Month: February 2012

You’ve Been Placed. And You’ve Been Spotted


Product placement has become to video what social media is to media.  It is intrinsic to its fabric.  It has become second nature.  It has become indiscernible.  And that is why I continue to enjoy observing and calling out the placements I spot.  Here is my third installment.  (Stay tuned for more.)

  • Colbert and Wheat Thins: Colbert coins the term “Sponsortunity” on an episode in which he reads at length from the branding memo for “Wheat Thins” that only someone in brand management could have written.  A real treat and must-see for those in marketing.
  • Diet Coke: Diet Coke seems to have used product placement in its own ad (“Not All Stars Appear On Screen”) during the Oscars.  The commercial shows the evolution of a film from script to production with cameo appearances by Diet Coke cans, e.g., in the hands of the writers and those producing the film and placed on the shelves of the door to the sound stage.

  • Apple: I find it so interesting to see which programs use Apple computers but cover up the otherwise highly visible Apple on the back of each device.  Example: Two and a Half Men.  Clearly, the producers like the aesthetic and how it fits with Ashton’s character, but, I guess they did not strike a deal with Apple, so they cover up the fruit.  Other shows go all the way – do they get paid for that?  In Showtime’s “House of Lies,” the consultants use Lenovo Think Pads.  I would expect no less (and it makes me cringe a little when I think back to my pre-Mac years).

For more examples, check out: Place the Spot, Spot the Placement and Spot the Placement, Place the Spot.

Playing with Pinterest, Tallying with Twitter


I finally spent an evening (ok late night) playing with Pinterest, and I can see why it’s so addictive. So many beautiful images. It’s visual decadence and indulgence.

It’s uplifting. A great way to spend half an hour… or more. It’s also extremely easy to use with an overall positive vibe (or tone, as Pinterest would say). People are sharing things they find uplifting or attractive or thought provoking, in a light hearted way. As of now, no disturbing images. And wonderful production quality. I wonder how they control for that. Images come from the Internet, so they’re not really user generated – though they are user curated. That maintains this highly polished experience.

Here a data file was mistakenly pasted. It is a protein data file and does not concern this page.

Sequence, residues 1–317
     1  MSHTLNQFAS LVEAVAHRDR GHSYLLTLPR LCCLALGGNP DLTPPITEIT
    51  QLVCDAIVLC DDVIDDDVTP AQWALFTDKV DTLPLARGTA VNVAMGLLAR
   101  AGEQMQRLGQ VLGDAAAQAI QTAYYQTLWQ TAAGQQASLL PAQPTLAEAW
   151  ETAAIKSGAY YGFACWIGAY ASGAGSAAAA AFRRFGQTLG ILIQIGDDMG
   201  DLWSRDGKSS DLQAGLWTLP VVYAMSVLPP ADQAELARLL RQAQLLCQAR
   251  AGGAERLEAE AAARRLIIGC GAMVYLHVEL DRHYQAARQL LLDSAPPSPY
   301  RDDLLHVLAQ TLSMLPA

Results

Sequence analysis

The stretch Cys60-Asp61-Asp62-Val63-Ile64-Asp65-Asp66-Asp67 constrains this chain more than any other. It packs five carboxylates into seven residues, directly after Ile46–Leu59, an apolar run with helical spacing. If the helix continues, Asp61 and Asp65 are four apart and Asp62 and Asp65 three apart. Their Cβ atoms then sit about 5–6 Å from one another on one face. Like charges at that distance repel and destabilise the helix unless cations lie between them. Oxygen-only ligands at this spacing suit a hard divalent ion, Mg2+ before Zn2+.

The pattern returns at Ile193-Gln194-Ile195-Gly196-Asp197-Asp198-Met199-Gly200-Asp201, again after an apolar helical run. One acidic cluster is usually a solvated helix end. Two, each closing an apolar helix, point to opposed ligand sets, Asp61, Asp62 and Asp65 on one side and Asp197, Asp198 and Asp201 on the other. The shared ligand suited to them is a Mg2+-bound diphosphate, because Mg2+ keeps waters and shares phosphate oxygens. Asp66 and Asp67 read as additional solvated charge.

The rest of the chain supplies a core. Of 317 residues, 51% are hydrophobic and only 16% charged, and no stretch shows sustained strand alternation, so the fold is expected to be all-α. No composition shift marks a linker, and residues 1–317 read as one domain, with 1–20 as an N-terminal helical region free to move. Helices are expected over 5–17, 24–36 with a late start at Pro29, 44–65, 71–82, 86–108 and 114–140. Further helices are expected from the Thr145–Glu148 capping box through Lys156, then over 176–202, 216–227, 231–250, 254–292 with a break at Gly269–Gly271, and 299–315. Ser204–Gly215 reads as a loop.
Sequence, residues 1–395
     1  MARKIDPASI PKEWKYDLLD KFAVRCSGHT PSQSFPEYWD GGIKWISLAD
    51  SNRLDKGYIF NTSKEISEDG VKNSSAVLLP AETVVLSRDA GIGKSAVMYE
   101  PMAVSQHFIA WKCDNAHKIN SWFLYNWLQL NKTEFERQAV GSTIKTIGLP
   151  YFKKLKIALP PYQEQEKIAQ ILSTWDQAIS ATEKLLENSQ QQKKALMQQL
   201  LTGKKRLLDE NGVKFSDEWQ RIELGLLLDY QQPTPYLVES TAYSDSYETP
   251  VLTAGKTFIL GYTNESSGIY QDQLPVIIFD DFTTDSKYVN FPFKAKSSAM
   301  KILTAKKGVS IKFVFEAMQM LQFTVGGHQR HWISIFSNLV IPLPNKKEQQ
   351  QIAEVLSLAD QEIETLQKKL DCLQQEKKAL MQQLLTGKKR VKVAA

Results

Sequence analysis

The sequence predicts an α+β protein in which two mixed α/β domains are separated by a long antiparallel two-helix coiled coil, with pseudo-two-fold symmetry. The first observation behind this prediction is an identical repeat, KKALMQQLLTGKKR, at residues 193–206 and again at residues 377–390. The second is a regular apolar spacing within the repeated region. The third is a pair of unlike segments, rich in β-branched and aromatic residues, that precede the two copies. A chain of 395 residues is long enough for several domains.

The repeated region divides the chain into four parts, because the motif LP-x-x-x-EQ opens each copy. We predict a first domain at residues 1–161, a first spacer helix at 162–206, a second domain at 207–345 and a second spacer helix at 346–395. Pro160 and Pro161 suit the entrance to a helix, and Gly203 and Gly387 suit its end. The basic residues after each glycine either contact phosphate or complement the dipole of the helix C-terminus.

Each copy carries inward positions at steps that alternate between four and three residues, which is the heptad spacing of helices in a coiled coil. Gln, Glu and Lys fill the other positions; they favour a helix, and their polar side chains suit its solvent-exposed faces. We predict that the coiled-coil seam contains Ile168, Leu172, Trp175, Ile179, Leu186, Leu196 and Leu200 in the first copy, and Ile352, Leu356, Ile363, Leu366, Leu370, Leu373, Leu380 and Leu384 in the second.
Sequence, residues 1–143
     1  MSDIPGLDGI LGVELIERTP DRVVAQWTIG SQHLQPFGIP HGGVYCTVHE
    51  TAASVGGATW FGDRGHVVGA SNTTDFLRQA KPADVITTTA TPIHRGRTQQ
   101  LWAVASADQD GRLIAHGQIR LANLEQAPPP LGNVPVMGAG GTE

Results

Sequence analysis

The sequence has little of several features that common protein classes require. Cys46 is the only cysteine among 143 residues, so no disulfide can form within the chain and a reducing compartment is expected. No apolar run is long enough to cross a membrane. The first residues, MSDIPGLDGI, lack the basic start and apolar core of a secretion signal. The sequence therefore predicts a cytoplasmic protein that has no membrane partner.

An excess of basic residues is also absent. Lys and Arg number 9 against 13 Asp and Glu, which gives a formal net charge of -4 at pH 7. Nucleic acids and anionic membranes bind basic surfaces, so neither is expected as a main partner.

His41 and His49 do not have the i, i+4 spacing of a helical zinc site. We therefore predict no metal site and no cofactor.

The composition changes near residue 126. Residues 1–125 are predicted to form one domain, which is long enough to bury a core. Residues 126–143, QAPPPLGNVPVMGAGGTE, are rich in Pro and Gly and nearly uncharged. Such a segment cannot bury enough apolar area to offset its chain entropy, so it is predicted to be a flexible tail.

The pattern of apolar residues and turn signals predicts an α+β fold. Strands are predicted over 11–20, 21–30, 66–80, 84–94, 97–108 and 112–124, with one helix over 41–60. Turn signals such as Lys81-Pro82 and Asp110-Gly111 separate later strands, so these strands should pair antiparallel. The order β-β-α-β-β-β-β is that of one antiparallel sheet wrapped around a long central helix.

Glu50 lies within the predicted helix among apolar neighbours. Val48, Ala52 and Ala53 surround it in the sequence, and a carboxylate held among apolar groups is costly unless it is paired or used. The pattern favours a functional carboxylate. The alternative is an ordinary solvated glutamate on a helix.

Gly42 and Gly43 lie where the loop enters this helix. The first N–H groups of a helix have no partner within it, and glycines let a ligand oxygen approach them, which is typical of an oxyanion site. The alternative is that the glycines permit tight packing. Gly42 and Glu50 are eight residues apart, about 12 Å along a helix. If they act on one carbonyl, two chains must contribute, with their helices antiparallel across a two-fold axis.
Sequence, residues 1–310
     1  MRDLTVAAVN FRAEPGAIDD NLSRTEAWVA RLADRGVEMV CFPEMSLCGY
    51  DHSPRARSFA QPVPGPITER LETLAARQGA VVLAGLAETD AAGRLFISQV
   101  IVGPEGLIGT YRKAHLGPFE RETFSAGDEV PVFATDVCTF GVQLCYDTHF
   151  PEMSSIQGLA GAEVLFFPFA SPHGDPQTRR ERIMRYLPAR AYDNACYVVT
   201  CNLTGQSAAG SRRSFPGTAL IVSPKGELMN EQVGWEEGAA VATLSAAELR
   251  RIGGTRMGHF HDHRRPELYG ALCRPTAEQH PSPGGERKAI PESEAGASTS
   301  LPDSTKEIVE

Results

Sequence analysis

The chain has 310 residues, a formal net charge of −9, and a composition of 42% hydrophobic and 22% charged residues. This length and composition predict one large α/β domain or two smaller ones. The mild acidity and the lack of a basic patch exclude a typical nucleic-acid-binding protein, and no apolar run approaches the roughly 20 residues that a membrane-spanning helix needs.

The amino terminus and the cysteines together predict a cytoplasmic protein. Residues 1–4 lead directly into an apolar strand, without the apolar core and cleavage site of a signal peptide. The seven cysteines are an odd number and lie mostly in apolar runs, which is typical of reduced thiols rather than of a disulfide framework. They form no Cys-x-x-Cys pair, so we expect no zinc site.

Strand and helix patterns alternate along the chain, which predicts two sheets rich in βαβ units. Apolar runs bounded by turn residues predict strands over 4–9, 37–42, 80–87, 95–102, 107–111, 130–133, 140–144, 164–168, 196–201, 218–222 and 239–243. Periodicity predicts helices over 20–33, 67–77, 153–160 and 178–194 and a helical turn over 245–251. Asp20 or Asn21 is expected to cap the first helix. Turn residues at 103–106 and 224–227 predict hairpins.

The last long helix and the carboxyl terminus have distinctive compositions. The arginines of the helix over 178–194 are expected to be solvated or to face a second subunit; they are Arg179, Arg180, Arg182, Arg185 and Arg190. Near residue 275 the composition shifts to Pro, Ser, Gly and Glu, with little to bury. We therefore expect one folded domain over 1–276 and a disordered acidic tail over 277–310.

But what’s especially nice – it’s all about the details – is the email you get when you sign up: “Hi karenlevine,” it says, “YOU are the newest member of Pinterest, a community to share collections of things you love. We’re excited to have you as a member and can’t wait to see what you pin.” Now that’s just nice.

Twitter, of course, is also addictive, but in a different way. On Twitter, I find myself almost unhealthily aware of how many followers I have. Am I loved??? Am I respected?  It’s like they days when you would come home and rush to see whether you had voicemails.

Every time I post something on Twitter, I watch to see if it leads to more followers – in that vast community of hundreds of millions of people I don’t know. Someone out there shares a topic I am interested in and felt that what I had to say merited following me.

Of course, I also look to see whether I have been retweeted, the ultimate compliment. Or retweeted my multiple people, a real head rush.  And then there are the responses. The exchanges you have with someone you don’t know at all. At social media week, it was truly fun to watch people who had somehow ended up following or corresponding with each other meet in person. And because the avatars are typically photos, it makes it that much easier.

Social Media, Reese Witherspoon and Pinterest


Last night on Chelsea Lately, Reese Witherspoon admitted that she “doesn’t get” social media.  Twitter, she said, “scares me.”  And, although she knew she had a Facebook page, she thought, upon Chelsea’s suggestion, that the address is likely www.reesewitherspoon.com.  (It isn’t.)

This adds credence to Terri Li’s estimation during a Social Media Week panel entitled “The New Ghostwriter” that 4/5 of celebrity twitter feeds are ghostwritten.  Terri is the Chief Operating Officer of Bre.ad.  It’s no surprise, of course, that Reese does not manage her own Facebook page.  However… the point of this comment, and the part that is (ironically) interesting is that Reese exclaimed in the next sentence that she LOVES pinterest.

On another Social Media Week panel, Jon Steinberg, the president of buzzfeed said of pinterest: “I think it’s going to be one of the most powerful business models after Google.”  Wow, that’s big.  What happened to the days when social media and other sites took years to figure out how to monetize themselves?  In fact, Google itself took 5 years before hitting the lottery.

Images below: reesewitherspoon.com (top) and Reese’s Facebook page (bottom)

Pinterest: The Newest Face of Social Media


This is the newest face of social media.  It’s the site that no one knew much about a few months ago and everyone is talking about at Social Media Week today (February 2012).  Pinterest is a virtual pinboard that lets you organize and share all the beautiful things you find in your life.